Around one-third (30%) of respondents feel that they do not have a close enough relationship with their line manager to talk openly about their mental health, according to research by Westfield Health.
The Mental resilience survey 2016, which polled 2,000 working adults across the UK, also found that 53% of respondents who have taken time off work due to mental health issues feel uncomfortable speaking to their line manager about the real reason for their absence.
The research also found:
- 34% of respondents feel that line managers are more interested in getting an employee back to work as soon as possible instead of supporting them with the management of their mental health.
- 32% of respondents feel they were treated differently by their line manager on their return to work following a period of absence for mental health reasons.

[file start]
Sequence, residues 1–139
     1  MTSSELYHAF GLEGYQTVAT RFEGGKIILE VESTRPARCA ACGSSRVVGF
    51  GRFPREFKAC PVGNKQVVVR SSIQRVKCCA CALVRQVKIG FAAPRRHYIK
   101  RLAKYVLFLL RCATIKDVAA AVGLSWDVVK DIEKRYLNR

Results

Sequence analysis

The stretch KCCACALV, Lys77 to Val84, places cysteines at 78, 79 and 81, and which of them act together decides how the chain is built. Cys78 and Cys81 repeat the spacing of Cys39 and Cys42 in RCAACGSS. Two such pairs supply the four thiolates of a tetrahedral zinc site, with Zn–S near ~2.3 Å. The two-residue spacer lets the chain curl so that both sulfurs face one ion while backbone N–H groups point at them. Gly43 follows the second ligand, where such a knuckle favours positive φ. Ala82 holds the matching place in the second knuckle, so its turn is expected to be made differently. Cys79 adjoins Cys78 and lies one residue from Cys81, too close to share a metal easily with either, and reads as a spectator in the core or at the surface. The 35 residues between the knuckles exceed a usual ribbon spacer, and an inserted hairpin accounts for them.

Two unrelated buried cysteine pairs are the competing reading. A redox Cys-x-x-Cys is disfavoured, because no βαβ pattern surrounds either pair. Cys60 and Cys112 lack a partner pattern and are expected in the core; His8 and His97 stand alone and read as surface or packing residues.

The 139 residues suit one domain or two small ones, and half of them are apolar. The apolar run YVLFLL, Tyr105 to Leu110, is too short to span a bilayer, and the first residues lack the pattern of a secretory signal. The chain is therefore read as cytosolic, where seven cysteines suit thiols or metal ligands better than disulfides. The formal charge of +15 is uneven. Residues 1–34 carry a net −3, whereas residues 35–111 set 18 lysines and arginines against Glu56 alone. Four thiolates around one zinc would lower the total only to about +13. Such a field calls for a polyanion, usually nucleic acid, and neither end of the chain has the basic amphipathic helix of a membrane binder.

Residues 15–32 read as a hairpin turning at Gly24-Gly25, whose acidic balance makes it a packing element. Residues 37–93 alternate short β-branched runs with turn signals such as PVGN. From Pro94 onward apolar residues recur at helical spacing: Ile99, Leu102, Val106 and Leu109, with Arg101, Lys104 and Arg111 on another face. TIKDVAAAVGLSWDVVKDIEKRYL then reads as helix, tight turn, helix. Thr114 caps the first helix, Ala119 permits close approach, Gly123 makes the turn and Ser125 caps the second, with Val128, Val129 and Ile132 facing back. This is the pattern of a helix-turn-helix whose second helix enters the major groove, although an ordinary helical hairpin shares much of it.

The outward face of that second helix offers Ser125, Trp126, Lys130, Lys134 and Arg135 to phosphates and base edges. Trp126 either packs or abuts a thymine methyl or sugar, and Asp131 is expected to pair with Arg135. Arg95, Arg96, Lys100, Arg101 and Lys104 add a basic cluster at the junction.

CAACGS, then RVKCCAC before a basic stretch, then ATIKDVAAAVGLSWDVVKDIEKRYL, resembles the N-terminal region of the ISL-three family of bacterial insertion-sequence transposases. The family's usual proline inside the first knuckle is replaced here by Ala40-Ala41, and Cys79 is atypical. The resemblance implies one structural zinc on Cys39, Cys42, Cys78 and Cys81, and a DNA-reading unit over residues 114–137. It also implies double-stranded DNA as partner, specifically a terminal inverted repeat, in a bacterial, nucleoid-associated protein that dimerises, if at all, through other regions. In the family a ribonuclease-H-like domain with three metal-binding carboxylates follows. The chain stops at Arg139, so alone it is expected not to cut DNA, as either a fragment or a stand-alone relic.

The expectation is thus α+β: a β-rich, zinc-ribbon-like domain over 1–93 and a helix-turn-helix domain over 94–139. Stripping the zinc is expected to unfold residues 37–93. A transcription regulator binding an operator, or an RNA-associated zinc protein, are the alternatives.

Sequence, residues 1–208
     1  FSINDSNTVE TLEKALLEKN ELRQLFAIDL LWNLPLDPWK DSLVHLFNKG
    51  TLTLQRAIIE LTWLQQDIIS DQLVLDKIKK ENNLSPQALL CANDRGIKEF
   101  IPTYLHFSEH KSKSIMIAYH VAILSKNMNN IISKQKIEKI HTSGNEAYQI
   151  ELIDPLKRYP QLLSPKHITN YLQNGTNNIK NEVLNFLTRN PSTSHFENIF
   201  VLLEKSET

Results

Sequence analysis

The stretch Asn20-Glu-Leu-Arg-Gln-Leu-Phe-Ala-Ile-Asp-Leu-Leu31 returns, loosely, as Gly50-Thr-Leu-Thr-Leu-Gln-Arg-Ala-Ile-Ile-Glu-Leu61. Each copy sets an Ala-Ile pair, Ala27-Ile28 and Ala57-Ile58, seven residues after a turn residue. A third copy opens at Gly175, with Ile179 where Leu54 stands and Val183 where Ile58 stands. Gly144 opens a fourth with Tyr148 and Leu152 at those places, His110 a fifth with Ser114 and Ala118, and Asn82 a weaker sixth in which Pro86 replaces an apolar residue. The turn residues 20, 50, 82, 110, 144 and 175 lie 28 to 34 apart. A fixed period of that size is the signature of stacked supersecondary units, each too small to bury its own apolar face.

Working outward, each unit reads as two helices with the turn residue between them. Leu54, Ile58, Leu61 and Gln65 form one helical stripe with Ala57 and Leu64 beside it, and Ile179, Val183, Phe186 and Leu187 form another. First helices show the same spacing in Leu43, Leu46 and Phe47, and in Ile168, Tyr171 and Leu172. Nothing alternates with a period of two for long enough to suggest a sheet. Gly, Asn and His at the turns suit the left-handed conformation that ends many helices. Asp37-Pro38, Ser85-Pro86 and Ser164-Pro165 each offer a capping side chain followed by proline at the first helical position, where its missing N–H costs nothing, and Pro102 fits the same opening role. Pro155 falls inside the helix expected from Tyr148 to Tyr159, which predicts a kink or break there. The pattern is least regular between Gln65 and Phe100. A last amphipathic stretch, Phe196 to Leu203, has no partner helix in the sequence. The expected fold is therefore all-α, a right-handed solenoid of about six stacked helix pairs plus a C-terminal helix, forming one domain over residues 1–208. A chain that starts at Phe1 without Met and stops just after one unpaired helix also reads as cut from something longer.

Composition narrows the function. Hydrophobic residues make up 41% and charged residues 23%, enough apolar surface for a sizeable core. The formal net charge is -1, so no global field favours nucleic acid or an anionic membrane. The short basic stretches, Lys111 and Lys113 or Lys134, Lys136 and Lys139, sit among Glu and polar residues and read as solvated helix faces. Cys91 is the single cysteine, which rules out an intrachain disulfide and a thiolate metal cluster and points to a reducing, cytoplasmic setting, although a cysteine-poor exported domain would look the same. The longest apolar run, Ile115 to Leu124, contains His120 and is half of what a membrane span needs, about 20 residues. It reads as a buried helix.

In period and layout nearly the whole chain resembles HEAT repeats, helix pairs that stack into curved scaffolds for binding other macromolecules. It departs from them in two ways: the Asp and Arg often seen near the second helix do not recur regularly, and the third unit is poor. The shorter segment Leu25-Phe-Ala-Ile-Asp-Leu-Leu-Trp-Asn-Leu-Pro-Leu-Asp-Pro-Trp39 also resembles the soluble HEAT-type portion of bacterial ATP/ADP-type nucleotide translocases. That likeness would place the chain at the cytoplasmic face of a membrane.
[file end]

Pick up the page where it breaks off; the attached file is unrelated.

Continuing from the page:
- 50% of respondents suffering from a mental health condition, such as stress, anxiety or depression, did not take time off work.
- 21% of respondents believe that admitting the real reason for their absence from work would have a negative effect on their career.
- 30% feel unsure about who to talk to or where to find help or support regarding mental health issues.
David Capper, executive director at Westfield Health, said: “Mental illness is a fact of life and can affect anyone at any time. However, there is still a stigma surrounding it which results in this unacceptable silence in the workplace.
“Without open, honest conversations in organisations, many employers might think they provide a good support package for employee illness, but actually it’s failing to address one of the most common problems. What’s more, a lack of transparency means the problem is much bigger than many employers realise.
“Without staff opening up about the real reason for their absence, managers will never know the extent of the problem and will leave themselves in danger of not properly addressing the issue.”